The French troops used diversionary tactics against the English siege forces to enable Joan to enter Orlean with supplies. In the following week, important English forts were stormed, turning the tides on what was previously looking to be a successful six-month siege of the city.
The victory also changed France's fortunes in the Hundred Years' War and is now known as a pivotal moment leading to a French victory. Historians today believe that the battle saved France from centuries of English rule.
9. The Battle of Vienna (1683)
The Battle of Vienna marked the beginning of the end for Turkish domination in Eastern Europe at a time when the Hapsburg Empire and the Ottoman Turks were contesting the rule of central Europe and the control of Hungary. It saw the Commonwealth and the Holy Roman Empire collaborate for the first time against the Ottoman Turks.
Historians say the battle was a great turning point in the Ottoman-Habsburg wars, a 300-year dispute between the Holy Roman and Ottoman Empires. Victory for the Ottoman Empire might have seen them go on to rule and exert their influence over Europe.
The battle is also notable for the largest known cavalry charge in history. The charge, which was led by the Polish Winged Hussars, helped to break the siege and was carried out by 20,000 cavalry units.
10. The Siege of Yorktown (1781)
The surrender of Yorktown played an integral role in the eventual formation of the United States. One of the most significant battles during the Revolutionary War, the Siege of Yorktown led to the defeat of British forces, led by General Charles Cornwallis, by a combination of American and French troops.
The fight at Yorktown was the last major land battle of the Revolutionary War. Not long after the battle, victory was declared by George Washington's American Continental Army troops. Cornwallis was also eventually captured, paving the way for the Treaty of Paris in 1783, which ended the war and created the United States of America.
11. The Battle of Waterloo (1815)
The Battle of Waterloo was Napoleon Bonaparte's last crushing defeat. It brought an end to the French statesman's large empire that had ruled over much of continental Europe after years of successful military campaigns.
The Battle of Waterloo was fought on what is Belgium today and was known as the United Kingdom of the Netherlands at the time.
Napoleon's forces were defeated by a coalition of British and Prussian troops led by the Duke of Wellington, in a battle that is famous for large cavalry charges that led to the end of the Napoleonic Wars.
12. The Battle of Gettysburg (1863)
The defeat of the Confederate forces at Gettysburg, Pennsylvania resulted in a large number of casualties — nearly 100,000 — and is cited by historians as a pivotal moment in the American Civil War.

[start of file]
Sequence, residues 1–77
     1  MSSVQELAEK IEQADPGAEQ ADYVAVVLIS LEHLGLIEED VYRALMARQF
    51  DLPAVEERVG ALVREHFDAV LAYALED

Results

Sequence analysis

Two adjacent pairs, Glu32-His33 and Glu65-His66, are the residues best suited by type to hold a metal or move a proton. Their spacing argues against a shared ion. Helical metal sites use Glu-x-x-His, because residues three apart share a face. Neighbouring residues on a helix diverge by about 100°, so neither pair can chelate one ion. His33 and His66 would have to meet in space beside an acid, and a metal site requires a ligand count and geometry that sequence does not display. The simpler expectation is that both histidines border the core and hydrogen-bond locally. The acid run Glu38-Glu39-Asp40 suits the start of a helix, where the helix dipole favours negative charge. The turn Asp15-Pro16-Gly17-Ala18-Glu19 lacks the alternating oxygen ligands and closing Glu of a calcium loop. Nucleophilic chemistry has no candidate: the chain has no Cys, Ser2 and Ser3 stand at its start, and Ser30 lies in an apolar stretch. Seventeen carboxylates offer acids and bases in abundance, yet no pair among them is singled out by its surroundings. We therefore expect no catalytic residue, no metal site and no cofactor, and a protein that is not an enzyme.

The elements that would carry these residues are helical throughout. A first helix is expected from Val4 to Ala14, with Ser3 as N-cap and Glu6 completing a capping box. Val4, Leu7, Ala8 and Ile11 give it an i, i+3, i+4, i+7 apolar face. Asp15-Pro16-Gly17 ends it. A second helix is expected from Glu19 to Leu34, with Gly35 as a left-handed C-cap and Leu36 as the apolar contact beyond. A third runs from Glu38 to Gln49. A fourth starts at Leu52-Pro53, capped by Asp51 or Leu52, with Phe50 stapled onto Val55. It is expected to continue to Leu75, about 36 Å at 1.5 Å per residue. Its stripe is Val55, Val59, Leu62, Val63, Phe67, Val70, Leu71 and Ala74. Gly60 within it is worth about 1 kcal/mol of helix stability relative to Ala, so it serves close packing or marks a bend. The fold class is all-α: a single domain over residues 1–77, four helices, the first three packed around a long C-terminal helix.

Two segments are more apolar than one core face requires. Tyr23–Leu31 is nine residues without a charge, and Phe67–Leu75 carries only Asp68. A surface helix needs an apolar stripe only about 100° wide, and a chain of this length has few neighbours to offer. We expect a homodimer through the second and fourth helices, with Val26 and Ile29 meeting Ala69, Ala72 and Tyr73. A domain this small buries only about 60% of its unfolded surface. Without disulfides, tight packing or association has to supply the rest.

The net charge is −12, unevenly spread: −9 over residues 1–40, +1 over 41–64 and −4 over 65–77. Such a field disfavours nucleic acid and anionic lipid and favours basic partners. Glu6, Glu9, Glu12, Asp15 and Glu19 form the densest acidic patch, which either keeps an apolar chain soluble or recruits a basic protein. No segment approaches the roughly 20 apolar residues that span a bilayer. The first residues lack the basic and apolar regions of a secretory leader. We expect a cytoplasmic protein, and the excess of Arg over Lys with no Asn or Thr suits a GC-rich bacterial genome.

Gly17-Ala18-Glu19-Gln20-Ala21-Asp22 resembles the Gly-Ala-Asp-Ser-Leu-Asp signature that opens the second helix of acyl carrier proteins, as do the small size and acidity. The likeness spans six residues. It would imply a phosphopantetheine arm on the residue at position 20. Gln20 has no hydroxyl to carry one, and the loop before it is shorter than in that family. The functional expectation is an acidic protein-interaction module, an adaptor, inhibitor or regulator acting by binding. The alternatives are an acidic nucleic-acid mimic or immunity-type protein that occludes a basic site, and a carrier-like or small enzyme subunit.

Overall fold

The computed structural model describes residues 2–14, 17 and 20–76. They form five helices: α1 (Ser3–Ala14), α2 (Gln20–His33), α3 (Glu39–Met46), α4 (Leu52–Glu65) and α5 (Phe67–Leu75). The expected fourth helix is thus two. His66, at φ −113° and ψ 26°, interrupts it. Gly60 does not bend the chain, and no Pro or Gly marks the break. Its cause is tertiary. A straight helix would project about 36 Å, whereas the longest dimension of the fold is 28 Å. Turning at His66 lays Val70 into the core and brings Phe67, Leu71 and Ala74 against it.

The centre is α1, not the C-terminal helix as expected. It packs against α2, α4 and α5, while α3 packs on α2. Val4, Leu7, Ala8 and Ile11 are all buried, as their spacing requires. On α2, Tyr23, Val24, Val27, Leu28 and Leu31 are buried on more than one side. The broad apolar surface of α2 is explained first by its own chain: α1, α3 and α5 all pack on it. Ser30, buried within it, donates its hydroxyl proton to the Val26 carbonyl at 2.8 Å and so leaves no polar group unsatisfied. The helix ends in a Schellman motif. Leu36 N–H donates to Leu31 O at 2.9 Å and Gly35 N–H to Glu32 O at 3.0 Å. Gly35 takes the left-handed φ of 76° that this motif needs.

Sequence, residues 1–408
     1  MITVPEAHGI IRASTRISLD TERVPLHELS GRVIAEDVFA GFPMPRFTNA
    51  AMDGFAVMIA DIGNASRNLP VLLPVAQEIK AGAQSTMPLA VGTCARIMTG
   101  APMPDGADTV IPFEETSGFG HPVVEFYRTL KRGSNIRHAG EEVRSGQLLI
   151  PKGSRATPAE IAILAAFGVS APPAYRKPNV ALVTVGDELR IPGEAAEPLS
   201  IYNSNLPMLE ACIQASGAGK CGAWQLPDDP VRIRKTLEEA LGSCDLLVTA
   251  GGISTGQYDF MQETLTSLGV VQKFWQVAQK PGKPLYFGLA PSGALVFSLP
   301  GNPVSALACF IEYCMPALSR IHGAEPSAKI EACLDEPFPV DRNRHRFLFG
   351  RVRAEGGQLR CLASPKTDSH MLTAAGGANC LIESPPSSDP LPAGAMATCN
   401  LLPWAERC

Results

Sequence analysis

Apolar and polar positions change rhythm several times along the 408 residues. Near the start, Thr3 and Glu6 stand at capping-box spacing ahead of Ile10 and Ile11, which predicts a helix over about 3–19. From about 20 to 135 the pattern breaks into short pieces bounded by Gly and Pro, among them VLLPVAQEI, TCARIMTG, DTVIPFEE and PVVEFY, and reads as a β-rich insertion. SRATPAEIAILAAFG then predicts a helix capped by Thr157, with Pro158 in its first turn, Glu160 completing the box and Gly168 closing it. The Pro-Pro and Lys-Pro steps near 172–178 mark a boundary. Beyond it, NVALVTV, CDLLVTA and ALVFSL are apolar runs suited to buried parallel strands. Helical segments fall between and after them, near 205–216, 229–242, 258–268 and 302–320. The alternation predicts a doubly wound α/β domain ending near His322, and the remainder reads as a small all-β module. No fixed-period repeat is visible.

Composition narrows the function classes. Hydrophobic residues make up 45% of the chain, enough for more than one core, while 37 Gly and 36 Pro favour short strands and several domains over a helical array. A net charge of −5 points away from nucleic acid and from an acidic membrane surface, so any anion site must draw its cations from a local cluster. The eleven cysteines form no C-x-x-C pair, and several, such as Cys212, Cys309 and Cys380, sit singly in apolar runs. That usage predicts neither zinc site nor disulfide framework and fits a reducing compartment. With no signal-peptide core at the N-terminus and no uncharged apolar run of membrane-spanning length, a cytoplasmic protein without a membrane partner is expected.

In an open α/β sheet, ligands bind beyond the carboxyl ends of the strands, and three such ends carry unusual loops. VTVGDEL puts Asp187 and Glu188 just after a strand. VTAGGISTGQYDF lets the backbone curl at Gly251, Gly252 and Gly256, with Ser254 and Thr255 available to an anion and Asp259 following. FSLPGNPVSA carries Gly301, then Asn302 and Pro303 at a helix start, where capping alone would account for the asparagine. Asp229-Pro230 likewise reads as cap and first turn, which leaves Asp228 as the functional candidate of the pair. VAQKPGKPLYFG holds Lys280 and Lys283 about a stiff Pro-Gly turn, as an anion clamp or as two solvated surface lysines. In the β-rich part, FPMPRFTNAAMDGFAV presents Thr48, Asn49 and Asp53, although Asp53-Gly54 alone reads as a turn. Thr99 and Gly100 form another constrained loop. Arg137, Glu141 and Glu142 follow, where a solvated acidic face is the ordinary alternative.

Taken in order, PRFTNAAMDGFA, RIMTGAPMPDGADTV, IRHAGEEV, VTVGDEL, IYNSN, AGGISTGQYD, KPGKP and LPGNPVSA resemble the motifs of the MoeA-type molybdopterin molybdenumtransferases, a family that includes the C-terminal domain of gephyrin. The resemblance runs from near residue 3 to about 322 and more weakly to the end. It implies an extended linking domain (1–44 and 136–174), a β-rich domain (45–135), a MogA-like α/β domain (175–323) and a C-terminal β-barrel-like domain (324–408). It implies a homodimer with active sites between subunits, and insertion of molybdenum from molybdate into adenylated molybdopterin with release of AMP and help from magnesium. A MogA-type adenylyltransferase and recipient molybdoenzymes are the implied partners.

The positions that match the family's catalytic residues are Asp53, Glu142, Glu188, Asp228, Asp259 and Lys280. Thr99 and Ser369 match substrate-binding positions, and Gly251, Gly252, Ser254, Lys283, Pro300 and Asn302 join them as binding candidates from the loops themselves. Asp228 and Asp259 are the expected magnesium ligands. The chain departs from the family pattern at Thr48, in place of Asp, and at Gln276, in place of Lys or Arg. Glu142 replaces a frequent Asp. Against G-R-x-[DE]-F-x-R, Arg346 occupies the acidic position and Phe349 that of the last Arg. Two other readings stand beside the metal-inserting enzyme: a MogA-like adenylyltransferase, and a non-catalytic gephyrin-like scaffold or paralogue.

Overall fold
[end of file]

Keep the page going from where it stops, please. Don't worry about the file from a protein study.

After the victory of Union forces against the southern Confederates, Abraham Lincoln gave one of his most famous speeches, in which he said:
"From these honored dead we take increased devotion to that cause for which they gave the last full measure of devotion—that we here highly resolve that these dead shall not have died in vain—that this nation, under God, shall have a new birth of freedom—and that government of the people, by the people, for the people, shall not perish from the earth.”
13. The Siege of Stalingrad (1942)
The siege of Stalingrad lasted for almost six months and was the largest confrontation to occur during World War II. In August of 1942, Adolf Hitler bombarded the industrial city of Stalingrad (now known as Volgograd) with air assaults before sending infantry in to attack in an attempt to seize control from the Soviet Union.
Fights raged on for months as the Russian winter came on in full force. The Russian army was so desperate that they enlisted volunteer citizens, some of whom were not even assigned a weapon. By February 1942, however, the resilience of the Soviet forces, as well as the brutal conditions and supply shortages, led the German forces to surrender.
Almost 2 million people died during the siege. The battle would be the last time the Germans would advance on the eastern front.
14. Storming the beaches of Normandy (1944)
Stalingrad was decisive for the eastern front during World War II and the invasion of Normandy, commonly referred to as D-Day, played a large part in the eventual decline of German forces on the western front and, ultimately, the surrender of the Axis powers.
The battle saw the largest amphibious invasion in history with over a million soldiers landing on the coast of Normandy within a month.
D-Day, which specifically refers to the start of the invasion on June 6, 1944, has famously been recreated in several well-known films and is seen as one of the most important moments in World War II. It led to the Allied forces retaking much of France, greatly denting the morale of the German military, and forcing them to reopen a settled front.
15. The Battle of Okinawa (1945)
The Americans knew that securing the airbases on the island of Okinawa was crucial to their plans of launching an invasion on Japan. The Battle of Okinawa, which ended with U.S. forces securing the island, was the last major battle of World War II and it directly led to the dropping of the atomic bomb, by the U.S., on Hiroshima.
During the battle, Japanese forces deployed several kamikaze pilots, helping them sink 36 U.S. ships, including strategically important aircraft carriers. 12,520 Americans were killed during the battle, while approximately 110,000 Japanese soldiers lost their lives.
The fighting came to an end when Japanese General Ushijima and his Chief of Staff, General Cho, realized they could no longer win and committed a ritual suicide on June 22. After the Battle of Okinawa, the U.S. forces were depleted and tired from their campaigns.
Knowing that 2 million Japanese troops awaited them on mainland Japan, President Harry S. Truman decided to drop atomic bombs on Hiroshima and Nagasaki — these are the only two uses of atomic bombs in armed conflict to date. On August 14, 1945, Japan surrendered, marking the end of World War II.
All of these battles could have had had an enormous cultural impact had they turned out differently. From imported goods to architectural and engineering knowledge, different rulers have brought different cultural benefits as well as disastrous doctrines to entire regions. Did we miss any decisive historical battles from the list? Be sure to let us know.